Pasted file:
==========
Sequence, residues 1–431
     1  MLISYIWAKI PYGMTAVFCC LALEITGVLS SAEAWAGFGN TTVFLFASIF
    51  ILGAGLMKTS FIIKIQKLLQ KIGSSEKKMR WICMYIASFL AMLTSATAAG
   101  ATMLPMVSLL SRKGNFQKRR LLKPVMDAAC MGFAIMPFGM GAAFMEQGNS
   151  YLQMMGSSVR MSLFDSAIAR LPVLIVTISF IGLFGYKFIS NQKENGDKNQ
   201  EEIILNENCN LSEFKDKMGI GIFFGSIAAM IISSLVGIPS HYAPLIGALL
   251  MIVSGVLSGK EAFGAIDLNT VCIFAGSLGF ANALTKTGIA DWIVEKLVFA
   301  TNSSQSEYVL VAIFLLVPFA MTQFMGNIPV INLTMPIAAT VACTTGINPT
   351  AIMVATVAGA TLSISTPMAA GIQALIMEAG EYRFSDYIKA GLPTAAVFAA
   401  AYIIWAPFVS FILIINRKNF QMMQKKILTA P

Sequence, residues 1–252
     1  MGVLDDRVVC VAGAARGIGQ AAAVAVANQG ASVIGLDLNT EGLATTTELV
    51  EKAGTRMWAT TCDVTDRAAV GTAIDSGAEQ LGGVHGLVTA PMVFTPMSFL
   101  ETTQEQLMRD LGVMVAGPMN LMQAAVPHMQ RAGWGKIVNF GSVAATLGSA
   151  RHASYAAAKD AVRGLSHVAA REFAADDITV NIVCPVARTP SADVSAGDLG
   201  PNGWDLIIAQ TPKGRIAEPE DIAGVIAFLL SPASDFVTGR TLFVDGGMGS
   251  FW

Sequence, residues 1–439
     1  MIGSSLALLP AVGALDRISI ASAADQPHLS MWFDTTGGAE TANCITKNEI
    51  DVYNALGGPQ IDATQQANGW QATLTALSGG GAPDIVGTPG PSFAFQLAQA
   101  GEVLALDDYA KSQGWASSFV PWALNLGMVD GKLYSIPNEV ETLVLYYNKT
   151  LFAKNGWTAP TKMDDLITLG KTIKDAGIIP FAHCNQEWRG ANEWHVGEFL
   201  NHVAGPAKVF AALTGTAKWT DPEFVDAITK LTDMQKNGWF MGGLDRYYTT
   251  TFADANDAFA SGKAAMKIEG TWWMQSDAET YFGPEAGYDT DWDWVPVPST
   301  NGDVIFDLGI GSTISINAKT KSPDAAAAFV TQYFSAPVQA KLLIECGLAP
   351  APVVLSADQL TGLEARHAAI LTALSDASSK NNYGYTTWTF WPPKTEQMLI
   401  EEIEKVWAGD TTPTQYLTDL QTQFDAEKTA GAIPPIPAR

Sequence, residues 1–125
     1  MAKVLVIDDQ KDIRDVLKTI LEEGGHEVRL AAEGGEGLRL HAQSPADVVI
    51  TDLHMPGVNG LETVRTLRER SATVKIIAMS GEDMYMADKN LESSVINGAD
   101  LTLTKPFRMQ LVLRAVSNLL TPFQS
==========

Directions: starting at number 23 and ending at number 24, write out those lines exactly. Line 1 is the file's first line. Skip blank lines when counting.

   201  NHVAGPAKVF AALTGTAKWT DPEFVDAITK LTDMQKNGWF MGGLDRYYTT
   251  TFADANDAFA SGKAAMKIEG TWWMQSDAET YFGPEAGYDT DWDWVPVPST